Maximal Spirit: La Monte Young
Big Machines, Little Issues: The 1987 International Computer Music Conference
First Flight: John Adams
Admiring the Waterfall: David Garland
Yawn: R.{ths}I.{ths}P. Hayman
Mottos and Models: Morton Feldman/Rhys Chatham/Anthony Coleman
Searching for the Plague: Diamanda Galas
Oceans without Walls: Laurie Anderson
Insiders, Outsiders, and Old Boys: New Music America ’89
Dark Stormy Night: Nicolas Collins
Let There Be Noise: David Rosenboom/Trichy Sankaran
Music in Time of War: The Composer-to-Composer Symposium
Don’t Worry, Be Hopi
Enough of Nothing: Postminimalism
Voltage High: Ron Kuivila
Isn’t That Spatial? Henry Brant
The Limits of Craft: Frederic Rzewski/Philip Glass
Opera Is Relative: Einstein on the Beach
Well-Tuned Blues: The Forever Bad Blues Band
Voice of the Unutterable: The S.E.M. Ensemble
How Peculiar? The American Eccentrics
Flutes and Flying Branches: The Taos Pueblo Powwow
The Tingle of p {mult} mn {mi} 1: La Monte Young/Marian Zazeela
The British Don’t Have Oral Sex: Now Eleanor’s Idea
View from the Gap: Emerging Voices
Regarding Henry: The World’s First Multicultural Modernist Conservative Patron Saint of Outsiders
What Our Pulses Say: David Garland/Billy Martin
Mistaken Memories: Tony Conrad: One-Idea Composer or Late Bloomer?
Legacy of the Quiet Touch
That Which Is Fundamental: Julius Eastman, 1940–1990
Philosopher No More: He Quietly Started a Spiritual Revolution

Kyle Gann is music critic for the Village Voice and Associate Professor of Music at Bard College. He is the author of American Music in the Twentieth Century (1997) and The Music of Conlon Nancarrow (1995).
“Brilliant”—Alex Ross New Yorker
“Gann's astute collection deserves to be savored.”—Publishers Weekly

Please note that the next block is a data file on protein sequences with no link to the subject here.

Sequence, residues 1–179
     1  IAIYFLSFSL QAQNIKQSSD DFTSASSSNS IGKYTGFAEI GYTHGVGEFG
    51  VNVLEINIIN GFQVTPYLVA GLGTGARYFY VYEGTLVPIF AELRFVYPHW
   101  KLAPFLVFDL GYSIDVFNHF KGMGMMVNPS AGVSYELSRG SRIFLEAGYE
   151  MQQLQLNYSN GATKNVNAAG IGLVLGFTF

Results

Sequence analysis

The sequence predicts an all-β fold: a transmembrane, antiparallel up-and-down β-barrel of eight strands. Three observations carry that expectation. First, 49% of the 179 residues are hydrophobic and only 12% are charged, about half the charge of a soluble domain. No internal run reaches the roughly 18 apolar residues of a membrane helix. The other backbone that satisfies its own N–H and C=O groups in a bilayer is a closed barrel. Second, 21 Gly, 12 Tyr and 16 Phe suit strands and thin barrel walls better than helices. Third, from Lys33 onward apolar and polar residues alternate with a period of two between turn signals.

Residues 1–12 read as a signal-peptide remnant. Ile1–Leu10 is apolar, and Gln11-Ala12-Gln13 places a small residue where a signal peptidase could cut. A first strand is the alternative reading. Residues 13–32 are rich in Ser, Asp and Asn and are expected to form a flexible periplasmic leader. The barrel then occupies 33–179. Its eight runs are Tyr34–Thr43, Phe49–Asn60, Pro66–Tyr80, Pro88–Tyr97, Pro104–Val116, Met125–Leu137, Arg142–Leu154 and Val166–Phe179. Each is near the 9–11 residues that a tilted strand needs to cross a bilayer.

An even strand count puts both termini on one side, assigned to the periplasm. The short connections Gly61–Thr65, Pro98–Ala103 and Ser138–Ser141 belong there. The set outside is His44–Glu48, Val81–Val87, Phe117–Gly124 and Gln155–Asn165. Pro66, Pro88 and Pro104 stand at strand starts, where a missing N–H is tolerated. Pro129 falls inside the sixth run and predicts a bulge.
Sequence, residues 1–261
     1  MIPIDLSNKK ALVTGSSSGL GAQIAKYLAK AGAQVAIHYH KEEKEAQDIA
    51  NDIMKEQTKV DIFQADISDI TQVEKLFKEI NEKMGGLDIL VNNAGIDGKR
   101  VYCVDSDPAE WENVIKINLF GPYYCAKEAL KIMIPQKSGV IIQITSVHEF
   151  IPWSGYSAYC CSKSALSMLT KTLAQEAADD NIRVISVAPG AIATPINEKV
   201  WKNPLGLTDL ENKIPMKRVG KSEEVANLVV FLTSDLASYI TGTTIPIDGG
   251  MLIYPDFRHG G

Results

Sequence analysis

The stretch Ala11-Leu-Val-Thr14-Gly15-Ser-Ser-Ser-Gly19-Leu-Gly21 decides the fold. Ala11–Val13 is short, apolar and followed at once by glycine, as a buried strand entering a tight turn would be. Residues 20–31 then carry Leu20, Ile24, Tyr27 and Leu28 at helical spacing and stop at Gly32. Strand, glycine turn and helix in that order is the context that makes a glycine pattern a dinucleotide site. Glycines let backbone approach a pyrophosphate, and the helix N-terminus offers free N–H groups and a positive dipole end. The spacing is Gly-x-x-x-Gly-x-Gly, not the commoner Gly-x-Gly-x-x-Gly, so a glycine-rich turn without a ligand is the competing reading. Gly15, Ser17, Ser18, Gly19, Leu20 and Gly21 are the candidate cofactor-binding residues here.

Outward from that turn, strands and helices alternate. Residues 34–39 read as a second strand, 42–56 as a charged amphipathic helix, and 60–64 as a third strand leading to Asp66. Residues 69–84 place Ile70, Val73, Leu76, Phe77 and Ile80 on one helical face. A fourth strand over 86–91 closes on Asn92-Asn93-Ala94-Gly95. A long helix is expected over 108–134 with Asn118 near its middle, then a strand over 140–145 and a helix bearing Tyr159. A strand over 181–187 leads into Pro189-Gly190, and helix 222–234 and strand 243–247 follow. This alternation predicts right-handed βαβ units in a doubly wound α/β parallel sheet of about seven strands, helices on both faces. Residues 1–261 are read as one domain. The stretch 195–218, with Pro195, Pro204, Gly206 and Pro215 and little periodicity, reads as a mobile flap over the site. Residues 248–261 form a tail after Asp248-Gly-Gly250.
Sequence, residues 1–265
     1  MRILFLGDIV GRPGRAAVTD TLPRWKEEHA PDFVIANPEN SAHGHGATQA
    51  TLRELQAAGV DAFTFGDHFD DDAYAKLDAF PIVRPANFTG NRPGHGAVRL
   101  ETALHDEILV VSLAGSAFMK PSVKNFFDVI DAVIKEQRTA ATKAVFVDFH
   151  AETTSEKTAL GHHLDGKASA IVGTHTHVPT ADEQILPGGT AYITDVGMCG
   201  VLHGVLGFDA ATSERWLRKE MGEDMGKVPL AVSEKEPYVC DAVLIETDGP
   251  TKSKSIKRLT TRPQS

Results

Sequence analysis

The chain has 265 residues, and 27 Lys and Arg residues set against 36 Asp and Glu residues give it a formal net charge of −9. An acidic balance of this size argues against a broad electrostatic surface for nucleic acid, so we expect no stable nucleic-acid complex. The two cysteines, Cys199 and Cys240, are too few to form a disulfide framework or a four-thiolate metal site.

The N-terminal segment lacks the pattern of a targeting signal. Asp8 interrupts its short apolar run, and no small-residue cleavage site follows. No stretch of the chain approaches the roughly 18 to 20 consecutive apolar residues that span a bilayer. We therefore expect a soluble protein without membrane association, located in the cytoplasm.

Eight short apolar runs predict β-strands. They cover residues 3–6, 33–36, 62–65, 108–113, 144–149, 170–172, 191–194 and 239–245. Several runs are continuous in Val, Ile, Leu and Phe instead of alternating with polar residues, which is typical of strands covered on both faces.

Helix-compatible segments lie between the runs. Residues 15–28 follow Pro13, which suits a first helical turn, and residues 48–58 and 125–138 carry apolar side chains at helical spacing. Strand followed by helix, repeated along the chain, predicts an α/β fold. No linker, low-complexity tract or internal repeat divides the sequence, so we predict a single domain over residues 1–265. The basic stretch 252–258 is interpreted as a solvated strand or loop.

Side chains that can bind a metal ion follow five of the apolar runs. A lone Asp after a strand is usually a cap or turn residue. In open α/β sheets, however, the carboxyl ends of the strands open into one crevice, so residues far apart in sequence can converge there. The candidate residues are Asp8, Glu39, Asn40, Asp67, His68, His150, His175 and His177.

“All [topics]are rendered fresh and compelling by Gann’s passionate commitment to the experimental vision.”—Times Literary Supplement (TLS)
"This is an indispensable piece of living history, documenting an absolutely crucial moment in the development of 21st century music. For many of these pieces and composers, Gann's discussion is the only record we have. The criticism is at the highest level: careful yet uncompromising, historically informed, erudite, and well-expressed."—Robert Fink, University of California, Los Angeles

"A highly intelligent and vividly engaged depiction of the new music scene over the last several years. The music Gann discusses is some of the most important being produced today, as well as the least attended to by scholars and the media. The 'you are there' feel of these articles conveys the intellectual and artistic rigor behind the music, as well as the passion and commitment of its makers. The writing is polemical, emotional, advocatory; Gann is often provocative, and always honest and forceful."—Evan Ziporyn , Professor, Massachusetts Institute of Technology, Clarinetist and Composer, Bang On A Can All-stars

"The late 1980s and the 1990s were probably the most contentious years in the history of American music, especially in New York. The Soho News had folded. The New York Times had opted out. During this time, Kyle Gann was consistently the most interesting, reliable and honest reviewer in all of New York. Everybody read him. Probably every composer mentioned in this book would want to "correct" what has been said about her or his music. But you can't argue with Kyle. His opinions are too deeply felt. He is too well-studied. He writes too well. And he is too smart."—Robert Ashley, Composer

"No one else could have written this marvelous book. No one else has been so completely immersed in "new music" as has Gann for some twenty years—and moreover likes it. No other music critic is so courageous, communicative, compelling, and candid (if now and then contentious)—or writes such consummately crystalline, convincing prose. Hurrah! Huzzah!!"—H. Wiley Hitchcock, Distinguished Professor of Music emeritus, CUNY, and founding director, Institute for Studies in American Music at Brooklyn College